Some prisoners were taken captive in a joint operation by U.S. and Pakistani intelligence services. A combined team seized the alleged 9/11 mastermind, Khalid Sheik Mohammed, 51, in Rawalpindi in March 2003, according to Terry McDermott, the investigative journalist and author of “The Hunt for KSM.”

The April 2003 arrests of two other alleged 9/11 plotters in Karachi, Pakistan, Mohammed’s nephew Ammar al Baluchi, 39, and Walid bin Attash, 38, were more typical, resulting from a unilateral Pakistani operation that would turn them over to the CIA.

All three men got to Guantánamo in September 2006 from CIA black sites, something that 26 of the last 55 captives also have in common.

The 2015 Senate study of the spy agency’s secret prison network shows the longest-held CIA prisoner now at the U.S. Navy base prison is Zayn al Abdeen Mohammed al Hussein, 45, known as Abu Zubaydah. He was brought here after 1,610 days in a CIA black site. A Yemeni known as Hani Saleh Rashid Abdullah, 47, logged the shortest tenure, around 30 days in CIA custody after the Pakistanis captured him in a series of raids in Karachi that netted another alleged 9/11 plotter, Ramzi bin al Shibh, 44.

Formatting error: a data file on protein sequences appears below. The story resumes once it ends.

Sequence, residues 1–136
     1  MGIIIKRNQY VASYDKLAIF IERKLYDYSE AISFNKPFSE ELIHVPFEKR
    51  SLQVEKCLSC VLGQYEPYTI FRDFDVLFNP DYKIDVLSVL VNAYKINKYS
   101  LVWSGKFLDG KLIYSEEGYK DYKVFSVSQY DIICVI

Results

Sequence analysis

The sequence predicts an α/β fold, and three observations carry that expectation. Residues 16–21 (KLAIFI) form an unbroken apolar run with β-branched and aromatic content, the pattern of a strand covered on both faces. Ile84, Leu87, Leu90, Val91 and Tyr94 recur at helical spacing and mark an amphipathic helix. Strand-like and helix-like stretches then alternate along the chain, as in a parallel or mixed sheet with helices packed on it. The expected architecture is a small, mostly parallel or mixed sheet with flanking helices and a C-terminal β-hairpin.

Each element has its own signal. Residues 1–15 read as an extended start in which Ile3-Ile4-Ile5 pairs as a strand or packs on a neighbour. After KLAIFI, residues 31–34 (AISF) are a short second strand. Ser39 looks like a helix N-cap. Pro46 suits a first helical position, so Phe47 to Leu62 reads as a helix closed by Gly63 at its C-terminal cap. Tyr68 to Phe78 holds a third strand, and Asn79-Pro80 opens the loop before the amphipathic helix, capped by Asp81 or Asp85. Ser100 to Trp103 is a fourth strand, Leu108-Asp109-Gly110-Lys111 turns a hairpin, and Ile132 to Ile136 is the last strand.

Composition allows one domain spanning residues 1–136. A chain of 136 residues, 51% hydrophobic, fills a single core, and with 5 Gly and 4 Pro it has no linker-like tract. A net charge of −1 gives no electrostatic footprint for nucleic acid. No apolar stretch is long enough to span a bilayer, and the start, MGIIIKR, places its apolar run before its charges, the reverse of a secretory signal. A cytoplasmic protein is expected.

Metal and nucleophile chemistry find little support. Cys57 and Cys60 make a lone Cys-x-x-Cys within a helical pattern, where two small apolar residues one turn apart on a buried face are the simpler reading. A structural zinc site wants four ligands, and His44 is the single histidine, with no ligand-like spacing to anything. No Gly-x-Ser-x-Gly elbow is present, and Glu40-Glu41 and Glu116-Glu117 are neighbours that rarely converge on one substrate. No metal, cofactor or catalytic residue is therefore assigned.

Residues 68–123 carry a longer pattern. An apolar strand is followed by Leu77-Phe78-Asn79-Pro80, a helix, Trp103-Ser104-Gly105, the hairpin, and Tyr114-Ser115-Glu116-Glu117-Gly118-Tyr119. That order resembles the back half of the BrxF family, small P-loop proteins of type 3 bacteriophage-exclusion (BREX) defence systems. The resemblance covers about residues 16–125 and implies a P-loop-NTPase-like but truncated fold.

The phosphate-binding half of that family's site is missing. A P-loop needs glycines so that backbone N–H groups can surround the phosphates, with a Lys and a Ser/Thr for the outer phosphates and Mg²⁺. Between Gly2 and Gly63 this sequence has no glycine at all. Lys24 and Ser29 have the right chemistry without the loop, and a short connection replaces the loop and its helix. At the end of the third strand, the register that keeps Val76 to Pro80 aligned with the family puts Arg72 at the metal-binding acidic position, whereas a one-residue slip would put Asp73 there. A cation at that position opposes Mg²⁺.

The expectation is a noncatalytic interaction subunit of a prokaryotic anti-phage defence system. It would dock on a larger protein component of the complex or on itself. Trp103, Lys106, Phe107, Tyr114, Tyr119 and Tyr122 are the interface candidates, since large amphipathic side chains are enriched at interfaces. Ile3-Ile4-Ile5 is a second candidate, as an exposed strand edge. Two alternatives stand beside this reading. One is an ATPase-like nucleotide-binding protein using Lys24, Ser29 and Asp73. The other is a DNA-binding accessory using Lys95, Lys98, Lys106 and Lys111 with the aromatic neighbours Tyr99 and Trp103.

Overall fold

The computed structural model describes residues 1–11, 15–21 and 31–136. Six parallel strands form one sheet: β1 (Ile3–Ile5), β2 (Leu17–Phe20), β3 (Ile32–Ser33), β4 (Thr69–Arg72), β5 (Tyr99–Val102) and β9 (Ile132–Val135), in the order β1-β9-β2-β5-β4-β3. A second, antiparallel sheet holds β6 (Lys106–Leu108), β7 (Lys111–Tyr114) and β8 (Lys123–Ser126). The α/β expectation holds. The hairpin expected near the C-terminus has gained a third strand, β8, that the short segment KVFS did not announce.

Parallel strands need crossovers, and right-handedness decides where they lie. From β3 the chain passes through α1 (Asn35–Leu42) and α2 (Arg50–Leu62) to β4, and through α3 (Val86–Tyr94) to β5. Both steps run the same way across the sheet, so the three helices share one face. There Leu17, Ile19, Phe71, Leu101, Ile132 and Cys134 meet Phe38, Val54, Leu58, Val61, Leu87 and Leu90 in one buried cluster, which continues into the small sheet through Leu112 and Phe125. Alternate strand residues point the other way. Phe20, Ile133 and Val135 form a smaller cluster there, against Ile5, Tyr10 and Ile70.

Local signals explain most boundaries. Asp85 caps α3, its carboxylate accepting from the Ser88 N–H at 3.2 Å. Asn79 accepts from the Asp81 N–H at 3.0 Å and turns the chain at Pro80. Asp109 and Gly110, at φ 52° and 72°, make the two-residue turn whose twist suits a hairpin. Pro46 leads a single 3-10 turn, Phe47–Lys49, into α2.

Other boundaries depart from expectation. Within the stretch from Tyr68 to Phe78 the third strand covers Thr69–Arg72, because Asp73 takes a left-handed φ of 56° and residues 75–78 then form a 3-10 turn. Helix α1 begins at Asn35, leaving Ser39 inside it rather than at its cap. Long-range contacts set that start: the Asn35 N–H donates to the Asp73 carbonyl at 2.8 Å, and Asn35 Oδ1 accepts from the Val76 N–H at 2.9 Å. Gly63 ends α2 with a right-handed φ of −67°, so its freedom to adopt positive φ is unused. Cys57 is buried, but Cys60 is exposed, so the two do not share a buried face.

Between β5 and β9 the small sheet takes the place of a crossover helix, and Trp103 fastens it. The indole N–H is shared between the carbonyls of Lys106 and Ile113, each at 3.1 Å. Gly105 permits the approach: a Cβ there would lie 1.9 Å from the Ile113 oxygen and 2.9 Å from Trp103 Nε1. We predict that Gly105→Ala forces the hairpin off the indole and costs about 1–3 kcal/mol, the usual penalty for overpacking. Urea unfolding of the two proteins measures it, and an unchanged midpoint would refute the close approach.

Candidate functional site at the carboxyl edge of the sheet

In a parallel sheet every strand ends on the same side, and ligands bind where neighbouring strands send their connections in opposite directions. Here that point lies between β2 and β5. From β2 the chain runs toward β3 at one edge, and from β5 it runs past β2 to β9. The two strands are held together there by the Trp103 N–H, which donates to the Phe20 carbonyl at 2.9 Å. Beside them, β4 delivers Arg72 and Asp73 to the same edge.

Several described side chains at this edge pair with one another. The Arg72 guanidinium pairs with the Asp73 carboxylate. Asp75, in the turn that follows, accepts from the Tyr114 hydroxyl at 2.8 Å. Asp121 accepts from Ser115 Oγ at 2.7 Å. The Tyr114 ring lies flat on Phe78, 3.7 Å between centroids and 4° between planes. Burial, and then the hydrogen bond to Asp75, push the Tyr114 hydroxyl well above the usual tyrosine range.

Of the first “worst of the worst,” former Guantánamo investigative task force Special Agent in Charge Mark Fallon said last year, most “weren’t battlefield captives” at all. He called them “bounty babies,” men handed over by Afghan warlords or Pakistani security forces and sent to Guantánamo “on the sketchiest bit of intelligence with nothing to corroborate.”

The one man still here who was actually seized by U.S. troops in Afghanistan is among those designated for transfer to a rehabilitation program in a U.S. ally Arab nation.